Sunday, May 22, 2011

Cornbread Salad

A delicious salad made using crumbled cornbread and a variety of vegetables, mixed with a mayonnaise and sour cream Ranch dressing and garnished with a little crumbled cornbread, bacon, tomatoes, green onion and parsley. A great addition to your next potluck or party!
A delicious salad made using crumbled cornbread and a variety of vegetables, mixed with a mayonnaise and sour cream Ranch dressing and garnished with a little crumbled cornbread, bacon, tomatoes, green onion and parsley. A great addition to your next potluck or party!

Cornbread Salad

I confess. Cornbread salad is not something that many of us grew up knowing about here in South Mississippi, but ever since learning about it a couple years back from Tommie, a dear friend from Oklahoma, I have wanted to give it a try. While I do think it's more common over that way, Cornbread Salad seems to be making its way across the south as a whole these days. I admit, it does come off sounding an odd contrast of textures, but so many people who are familiar with it seem to love it, so hey, I'm game for anything!

I recommend a full batch of skillet cornbread set aside for this recipe, though I've used about 3/4 of a skillet very successfully after preparing cornbread for supper. I'll be honest with y'all. I really didn't know how I was gonna like this dish, and it took me a few bites to get past my own judgment. Once I did, this salad absolutely grew on me and every time I took another serving of it from the fridge, I loved it more and more.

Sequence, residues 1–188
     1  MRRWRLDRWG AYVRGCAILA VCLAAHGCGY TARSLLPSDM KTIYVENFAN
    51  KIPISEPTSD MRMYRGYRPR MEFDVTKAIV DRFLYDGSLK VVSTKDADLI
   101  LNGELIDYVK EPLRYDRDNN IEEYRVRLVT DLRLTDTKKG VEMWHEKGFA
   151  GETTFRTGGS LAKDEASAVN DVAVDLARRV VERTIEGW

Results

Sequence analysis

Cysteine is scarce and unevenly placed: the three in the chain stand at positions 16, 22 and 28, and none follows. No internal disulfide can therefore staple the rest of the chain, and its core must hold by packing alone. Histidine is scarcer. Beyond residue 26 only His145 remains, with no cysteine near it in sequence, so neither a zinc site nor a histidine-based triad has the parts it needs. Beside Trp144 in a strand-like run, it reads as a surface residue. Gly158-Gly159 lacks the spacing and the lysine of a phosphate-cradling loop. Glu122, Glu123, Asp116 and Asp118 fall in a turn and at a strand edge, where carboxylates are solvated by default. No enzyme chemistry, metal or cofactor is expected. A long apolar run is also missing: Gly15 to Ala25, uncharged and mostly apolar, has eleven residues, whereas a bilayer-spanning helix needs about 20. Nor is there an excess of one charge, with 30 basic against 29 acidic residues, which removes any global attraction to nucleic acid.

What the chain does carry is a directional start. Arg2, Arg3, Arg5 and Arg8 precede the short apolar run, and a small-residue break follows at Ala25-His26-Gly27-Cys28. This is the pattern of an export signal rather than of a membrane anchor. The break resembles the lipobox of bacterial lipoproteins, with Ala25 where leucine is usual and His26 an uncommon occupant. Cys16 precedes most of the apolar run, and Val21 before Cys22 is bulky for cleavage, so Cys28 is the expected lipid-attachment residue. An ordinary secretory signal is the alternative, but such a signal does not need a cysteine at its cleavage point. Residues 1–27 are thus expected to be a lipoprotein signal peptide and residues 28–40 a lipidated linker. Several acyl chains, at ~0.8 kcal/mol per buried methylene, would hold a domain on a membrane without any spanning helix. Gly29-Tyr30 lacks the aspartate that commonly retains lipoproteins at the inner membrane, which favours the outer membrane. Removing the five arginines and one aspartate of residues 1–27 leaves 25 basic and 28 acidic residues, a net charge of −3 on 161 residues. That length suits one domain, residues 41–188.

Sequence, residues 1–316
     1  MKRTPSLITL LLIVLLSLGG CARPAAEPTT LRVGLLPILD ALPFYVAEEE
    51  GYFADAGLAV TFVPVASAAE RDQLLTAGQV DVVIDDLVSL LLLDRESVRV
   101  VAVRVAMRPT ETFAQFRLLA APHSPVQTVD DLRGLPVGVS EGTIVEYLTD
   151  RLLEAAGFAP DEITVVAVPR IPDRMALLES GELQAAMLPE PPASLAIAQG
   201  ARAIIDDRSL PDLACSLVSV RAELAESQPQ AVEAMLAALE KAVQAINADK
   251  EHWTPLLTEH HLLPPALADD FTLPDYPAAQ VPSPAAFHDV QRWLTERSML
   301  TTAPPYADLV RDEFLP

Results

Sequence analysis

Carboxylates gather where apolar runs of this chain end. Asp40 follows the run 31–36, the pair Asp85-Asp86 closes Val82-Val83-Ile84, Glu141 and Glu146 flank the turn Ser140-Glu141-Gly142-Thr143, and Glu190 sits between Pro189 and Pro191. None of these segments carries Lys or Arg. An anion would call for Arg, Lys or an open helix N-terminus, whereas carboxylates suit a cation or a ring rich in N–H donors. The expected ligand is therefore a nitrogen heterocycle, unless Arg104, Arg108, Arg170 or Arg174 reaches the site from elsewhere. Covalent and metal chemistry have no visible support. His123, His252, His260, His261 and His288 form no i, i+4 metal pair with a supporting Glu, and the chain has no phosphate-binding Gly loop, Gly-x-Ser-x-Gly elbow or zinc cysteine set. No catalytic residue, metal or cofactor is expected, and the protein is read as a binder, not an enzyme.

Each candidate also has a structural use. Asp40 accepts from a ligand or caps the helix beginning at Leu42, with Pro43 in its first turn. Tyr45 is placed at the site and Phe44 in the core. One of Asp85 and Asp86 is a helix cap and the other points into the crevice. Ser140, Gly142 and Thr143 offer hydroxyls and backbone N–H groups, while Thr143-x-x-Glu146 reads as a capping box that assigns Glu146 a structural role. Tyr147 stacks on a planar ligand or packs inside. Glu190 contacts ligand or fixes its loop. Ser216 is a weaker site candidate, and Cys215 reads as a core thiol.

The first time I made this, I decided to use a deep bowl and layered the salad, making a nice presentation if you're taking this to a party, potluck or a church supper.

Cornbread salad, layered in a clear bowl, makes a beautiful presentation. Simply toss before serving!

I started with Tommie's basics, and added my own touches, though in truth, this is a very versatile salad, both in the way that it is presented and the ingredients. You can use many different things in it to personalize it to your tastes. Pintos seem to be more common in Texas and Oklahoma when a bean is added, but for here in The Deep South, I like purple hull or black-eyed peas better. I love both Vidalia and purple onions, and I also found that I really liked the addition of sweet pickles and juice, or even chow chow, as well as a protein of some kind. My favorites are a Cajun fried turkey breast or ham from the deli.

I've also included some additional add-in suggestions and variations that both Tommie and the readers on our Facebook page shared with us, showing the true versatility of this salad. As shown here, presentation can easily be adapted too - in a shallow dish, layered in a glass bowl (don't forget to toss) or mixed up and garnished as above. Frankly, I'm a little undecided yet whether I prefer this salad layered, or simply mixed up and left to marinate that way because I've liked it every way I've tied it!


For the layered version, I top it with the dressing and let it sit in the fridge for several hours, then toss it just before serving. Even better is to layer this whole salad in a 9 x 13 inch clear baking dish instead of a deep bowl. The more shallow oblong pan allows for the flavors to meld together better without having to mix the salad up. Simply layer it as indicated, let it marinate in the refrigerator, and then, serve it as-is, without mixing. When I've mixed the salad, as it sat in the fridge a couple of days, it actually really developed its flavor and tasted better and better each time I had a serving out of it.